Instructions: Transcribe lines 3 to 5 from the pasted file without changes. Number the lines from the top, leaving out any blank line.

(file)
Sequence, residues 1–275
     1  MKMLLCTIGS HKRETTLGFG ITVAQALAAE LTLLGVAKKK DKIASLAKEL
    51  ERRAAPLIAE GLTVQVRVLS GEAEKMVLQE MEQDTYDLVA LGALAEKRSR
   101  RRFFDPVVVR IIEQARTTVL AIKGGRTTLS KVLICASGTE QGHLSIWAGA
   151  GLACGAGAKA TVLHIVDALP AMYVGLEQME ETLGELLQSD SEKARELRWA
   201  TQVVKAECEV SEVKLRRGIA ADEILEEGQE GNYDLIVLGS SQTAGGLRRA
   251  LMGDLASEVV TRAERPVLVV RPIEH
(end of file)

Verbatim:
    51  ERRAAPLIAE GLTVQVRVLS GEAEKMVLQE MEQDTYDLVA LGALAEKRSR
   101  RRFFDPVVVR IIEQARTTVL AIKGGRTTLS KVLICASGTE QGHLSIWAGA
   151  GLACGAGAKA TVLHIVDALP AMYVGLEQME ETLGELLQSD SEKARELRWA